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I'm writing a statement of purpose for my PhD applications and in some cases I'd be very happy if any person from a certain group (say the Algebra Group) would take me as his/her student. Could this be considered a weakness in my application? How should I handle this?

I've been researching people and groups for over 4 months and I know (as much as I can right now) what I want to do and who does it. It's just that some universities and programs have some amazing faculty.

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    I think it's a strength. At least in my department, you're considered unusual if you don't have an idea of who you want to work with before you set foot on campus. If you want to maximize your chance of acceptance I think you should say you're flexible (but still express preferences). – Ben Bitdiddle Nov 20 '14 at 21:03
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I would include which certain aspects of the faculty would support your intentions and why, especially if you can include meaningful references to their previously published work.

For example

"I believe that University X would be a great place to undertake my research into topic Y because it has a great reputation in this field. For example books A and B published by person C are well known texts in the field and I believe the research of person D in the area of E would compliment mine."

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    If you do this, please read at least the first chapter of the book or the abstract of the paper. I've had people use this language and absolutely fail to grasp the work done by the authors. – RoboKaren Nov 24 '14 at 5:12
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You should definitely mention your research group preferences. At my university, PhD applicants are required to do so. This implicitly forces the applicants to learn more about the research groups that are offering PhD positions. If your application get through the selection process, you will be interviewed by the professors of your choices. It would be a big plus if you can make an impression that you have general understanding of their research work. It shows that you have passion for the topics and also increases your chance of being accepted.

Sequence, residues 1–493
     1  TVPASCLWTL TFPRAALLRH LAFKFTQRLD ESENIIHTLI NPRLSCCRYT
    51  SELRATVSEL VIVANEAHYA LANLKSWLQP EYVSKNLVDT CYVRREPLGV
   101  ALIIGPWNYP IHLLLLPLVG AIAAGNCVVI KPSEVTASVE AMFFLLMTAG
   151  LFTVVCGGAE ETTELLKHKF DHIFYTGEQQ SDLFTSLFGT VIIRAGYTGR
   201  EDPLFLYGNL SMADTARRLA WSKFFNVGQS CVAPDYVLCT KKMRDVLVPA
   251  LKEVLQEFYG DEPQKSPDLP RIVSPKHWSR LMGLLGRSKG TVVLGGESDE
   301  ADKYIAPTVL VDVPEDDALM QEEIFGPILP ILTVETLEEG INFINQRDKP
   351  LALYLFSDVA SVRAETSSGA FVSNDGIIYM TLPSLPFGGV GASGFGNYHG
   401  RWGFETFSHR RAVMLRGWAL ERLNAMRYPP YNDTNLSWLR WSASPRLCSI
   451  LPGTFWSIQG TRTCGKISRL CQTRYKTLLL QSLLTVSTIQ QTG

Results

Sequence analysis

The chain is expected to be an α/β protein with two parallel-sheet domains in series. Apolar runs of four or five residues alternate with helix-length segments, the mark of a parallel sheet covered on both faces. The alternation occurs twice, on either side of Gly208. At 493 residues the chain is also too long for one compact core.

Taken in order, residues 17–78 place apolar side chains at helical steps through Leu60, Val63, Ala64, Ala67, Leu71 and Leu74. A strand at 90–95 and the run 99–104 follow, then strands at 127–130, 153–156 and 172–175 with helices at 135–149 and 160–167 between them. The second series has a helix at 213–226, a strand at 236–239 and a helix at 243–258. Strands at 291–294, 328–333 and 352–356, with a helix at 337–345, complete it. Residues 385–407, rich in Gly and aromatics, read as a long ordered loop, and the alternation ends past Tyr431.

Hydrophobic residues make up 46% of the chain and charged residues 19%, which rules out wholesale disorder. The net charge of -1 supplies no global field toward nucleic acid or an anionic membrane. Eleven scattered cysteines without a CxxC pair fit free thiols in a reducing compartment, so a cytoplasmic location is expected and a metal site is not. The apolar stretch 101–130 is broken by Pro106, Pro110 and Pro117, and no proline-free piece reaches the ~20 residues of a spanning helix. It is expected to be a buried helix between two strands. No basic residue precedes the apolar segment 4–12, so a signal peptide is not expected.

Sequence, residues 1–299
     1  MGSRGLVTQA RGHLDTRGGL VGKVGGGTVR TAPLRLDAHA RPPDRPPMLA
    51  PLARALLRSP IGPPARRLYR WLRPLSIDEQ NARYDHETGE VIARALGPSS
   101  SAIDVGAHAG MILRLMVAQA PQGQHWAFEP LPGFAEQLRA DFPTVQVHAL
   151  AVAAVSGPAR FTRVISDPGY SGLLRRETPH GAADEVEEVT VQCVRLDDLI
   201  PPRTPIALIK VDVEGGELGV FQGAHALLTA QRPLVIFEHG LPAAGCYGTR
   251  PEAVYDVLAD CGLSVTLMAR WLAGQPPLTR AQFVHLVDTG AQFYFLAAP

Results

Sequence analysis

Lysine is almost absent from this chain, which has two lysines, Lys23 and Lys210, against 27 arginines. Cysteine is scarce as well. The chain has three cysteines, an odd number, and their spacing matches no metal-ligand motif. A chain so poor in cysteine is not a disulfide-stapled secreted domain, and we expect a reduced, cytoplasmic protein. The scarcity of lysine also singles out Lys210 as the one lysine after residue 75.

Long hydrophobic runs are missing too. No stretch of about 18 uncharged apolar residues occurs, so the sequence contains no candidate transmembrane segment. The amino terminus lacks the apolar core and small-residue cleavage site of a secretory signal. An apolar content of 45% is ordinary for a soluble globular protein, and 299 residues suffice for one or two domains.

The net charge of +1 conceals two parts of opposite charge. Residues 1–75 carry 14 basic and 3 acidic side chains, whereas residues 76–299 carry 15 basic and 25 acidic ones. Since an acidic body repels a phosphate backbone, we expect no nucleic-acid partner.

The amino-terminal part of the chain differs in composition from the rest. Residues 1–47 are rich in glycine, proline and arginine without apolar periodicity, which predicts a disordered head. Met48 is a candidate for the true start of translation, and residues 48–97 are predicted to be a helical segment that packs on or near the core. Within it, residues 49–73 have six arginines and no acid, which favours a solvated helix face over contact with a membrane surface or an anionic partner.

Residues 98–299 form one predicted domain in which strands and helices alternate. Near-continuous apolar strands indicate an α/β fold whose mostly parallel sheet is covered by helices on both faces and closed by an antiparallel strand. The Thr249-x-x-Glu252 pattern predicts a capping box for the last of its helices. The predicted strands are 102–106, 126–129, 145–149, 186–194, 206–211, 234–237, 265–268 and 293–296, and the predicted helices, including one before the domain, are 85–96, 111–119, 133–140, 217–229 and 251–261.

If none of the professors think that you are a match for them, then let it be and choose different PhD Programme. You should not do your PhD in a research group blindfolded, just because you are accepted there. If you don't like the topics, you could run into the risks of not being able to finish your PhD and wasting few years of your life. Academia is all about passion, without it your chance of success is very small.

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The sad, but true, situation is that admissions committees are often aware of the needs and funding status of the faculty they are serving. If the people you list are actively looking for students, you might have an easier time with admissions, but if the people you list are in funding trouble, or their labs are full, that might be a bit of a negative.

In the long run, though, programs are looking for good people. The impact I describe is more of a nudging effect than the big decision maker.

I'd recommend mentioning your interest, but also mentioning that you're flexible. It shows good planning.

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    Why is that sad? Isn't it better to be rejected from a school than to go to a school thinking you could work with a specific person that you would definitely not be able to work with? – Ben Bitdiddle Nov 21 '14 at 4:02
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I think this is a high-risk high-reward scenario. I did this; I called out one particular professor, and I nailed it because he accepted me, but this same tactic failed on another graduate school application. At least where I went, when an application letter mentions a specific professor, internally that application gets sent to that professor for review. If you are a match for them, you have just won a spot on the team of your choice. But if you call out this professor and they are not hiring or do not like your application, you will probably alienate others. So, I think it is risky due to potentially alienating others who may have seen your application if you didn't specify, but can be rewarding because it can land your application on their desk.

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